MELBOURNE (FRONTLINE MEDICAL NEWS) – Multidisciplinary management of comorbidities is one of the most important aspects of the care of patients with lupus nephritis, Frédéric Houssiau, MD, PhD, said at an international congress on systemic lupus erythematosus.

In his presentation describing his top 10 tips for the management of lupus nephritis, Dr. Houssiau said traditional risk factors do not explain the two- to threefold higher risk of cardiovascular disease in patients with lupus, making it important to address known cardiovascular disease risk factors.

“So we should be spending time to tell our patients that they should stop smoking, they should undergo weight reduction, of course treat hypertension and LDL cholesterol with statins,” said Dr. Houssiau , head of the rheumatology department at the Cliniques Universitaires Saint-Luc and professor of rheumatology at the Université Catholique de Louvain, both in Brussels.

Dr. Houssiau also stressed the importance of paying attention to clotting disorders, preventing glucocorticoid-related intraocular pressure, ensuring patients are immunized against influenza, and enabling patient access to an intensive care unit in the event of severe sepsis.

He also called for physicians to “unmask” nonadherence to therapy, saying it was the most common cause of treatment failure.

“We don’t look enough to nonadherence to therapy, and we have no good clue to sort that out,” he said in an interview. “We can identify nonadherent patients, but it’s very difficult to change their mind, to make them adherent, and we have nurses, nurse-practitioners, questionnaires for adherence, but none of them, I think, so far have changed practice.”

Dr. Houssiau argued for the importance of having a good connection with a nephrologist and always performing a renal biopsy in patients with lupus nephritis.

“The reason for that is first to identify the immune deposits, either mesangial or subendothelial or subepithelial, and another reason is clearly not to miss the antiphospholipid syndrome,” he told the audience. “The third very good reason to perform the renal biopsy is clearly to classify the patient.”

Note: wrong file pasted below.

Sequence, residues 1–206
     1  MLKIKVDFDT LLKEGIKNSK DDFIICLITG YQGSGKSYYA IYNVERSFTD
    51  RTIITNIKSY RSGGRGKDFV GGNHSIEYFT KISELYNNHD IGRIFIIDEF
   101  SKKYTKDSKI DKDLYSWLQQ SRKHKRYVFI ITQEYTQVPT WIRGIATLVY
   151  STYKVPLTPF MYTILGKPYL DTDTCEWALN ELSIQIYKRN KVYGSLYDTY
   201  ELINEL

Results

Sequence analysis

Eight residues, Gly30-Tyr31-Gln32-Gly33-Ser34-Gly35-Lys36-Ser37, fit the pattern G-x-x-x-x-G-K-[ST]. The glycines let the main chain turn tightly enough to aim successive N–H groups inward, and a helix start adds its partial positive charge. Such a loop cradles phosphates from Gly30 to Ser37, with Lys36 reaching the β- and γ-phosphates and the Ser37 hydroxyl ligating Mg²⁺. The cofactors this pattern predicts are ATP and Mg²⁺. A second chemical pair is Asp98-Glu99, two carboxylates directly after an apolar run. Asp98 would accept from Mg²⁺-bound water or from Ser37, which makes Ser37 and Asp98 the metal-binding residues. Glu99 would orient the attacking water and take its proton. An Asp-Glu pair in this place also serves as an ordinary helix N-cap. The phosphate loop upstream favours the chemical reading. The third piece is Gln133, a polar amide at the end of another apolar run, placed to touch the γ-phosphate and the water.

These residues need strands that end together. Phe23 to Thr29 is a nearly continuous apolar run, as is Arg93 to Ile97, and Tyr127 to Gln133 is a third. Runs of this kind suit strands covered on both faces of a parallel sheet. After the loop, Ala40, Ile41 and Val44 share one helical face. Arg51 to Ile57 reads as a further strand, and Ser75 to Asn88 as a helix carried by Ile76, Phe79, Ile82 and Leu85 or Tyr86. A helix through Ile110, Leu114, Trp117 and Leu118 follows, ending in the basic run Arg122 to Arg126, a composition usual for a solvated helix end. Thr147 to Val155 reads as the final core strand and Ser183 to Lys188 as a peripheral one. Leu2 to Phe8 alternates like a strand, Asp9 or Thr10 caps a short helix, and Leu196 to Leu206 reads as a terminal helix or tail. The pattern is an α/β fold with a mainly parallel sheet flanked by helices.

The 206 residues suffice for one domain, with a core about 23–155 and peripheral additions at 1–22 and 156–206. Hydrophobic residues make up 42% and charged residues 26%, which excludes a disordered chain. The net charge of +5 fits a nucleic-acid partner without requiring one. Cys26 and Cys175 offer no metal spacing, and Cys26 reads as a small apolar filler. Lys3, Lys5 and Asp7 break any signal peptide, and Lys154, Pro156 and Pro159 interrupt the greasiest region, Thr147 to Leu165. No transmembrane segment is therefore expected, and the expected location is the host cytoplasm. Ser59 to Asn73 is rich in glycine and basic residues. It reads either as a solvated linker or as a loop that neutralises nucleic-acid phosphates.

Echoing other presentations at the conference, Dr. Houssiau said there was a need to define treatment targets in lupus nephritis.

“In diabetes, in hypertension, in rheumatoid arthritis, the target is well known by all of us,” he said. “What is the target that we should achieve in the lupus nephritis patient? That is much more difficult.”

He cited data from the recent MAINTAIN trial, which suggested that proteinuria levels at 12 months after initiation of treatment were highly predictive of patients who were likely to have a good renal prognosis. Patients with a 24-hour proteinuria level of around 0.7-0.8 g/day had a significantly greater likelihood of normal serum creatinine 7 years later, he said.

“Yet, we need more, we need better markers, because the negative predictive value is very bad, which means that a lot of patients who do not reach that target still, fortunately, will end up without renal failure.”

Dr. Houssiau also emphasized the need to minimize the use of steroids where possible, as data from an inception cohort run by him and his colleagues have shown that patients who failed to taper down to 4 mg of prednisone or less, after 1 year, had significantly more damage accrual.

He also advocated using either mycophenolate mofetil or intravenous cyclophosphamide as induction therapy based on data suggesting the two are equally efficacious at 6 months. Dr. Houssiau suggested favoring intravenous cyclophosphamide if fertility was a concern because it has been shown to not affect ovarian reserve and has the added advantage of better compliance.

Maintaining immunosuppression is also vital, Dr. Houssiau told the conference, and patients should be treated with immunosuppressants for at least 5, and possibly even up to 10, years.

“There is a small study showing an inverse correlation between the length of therapy and remission on the one hand, and risk of relapse, so the more you treat, the more the period of remission is long, the lower risk of relapse,” he said. However, there are little trial data on withdrawing immunosuppression or trials of immunosuppressant withdrawal, he noted.

Commenting on the future prospects for new treatments for lupus nephritis, Dr. Houssiau advised keeping faith in targeted therapies and precision medicine despite a slew of failed phase III clinical trials, and watching the development of calcineurin inhibitors, such as voclosporin.

Dr. Houssiau declared receiving research grants and honoraria from AstraZeneca, Bristol-Myers Squibb, GlaxoSmithKline, Lilly, Roche, Serono, and UCB.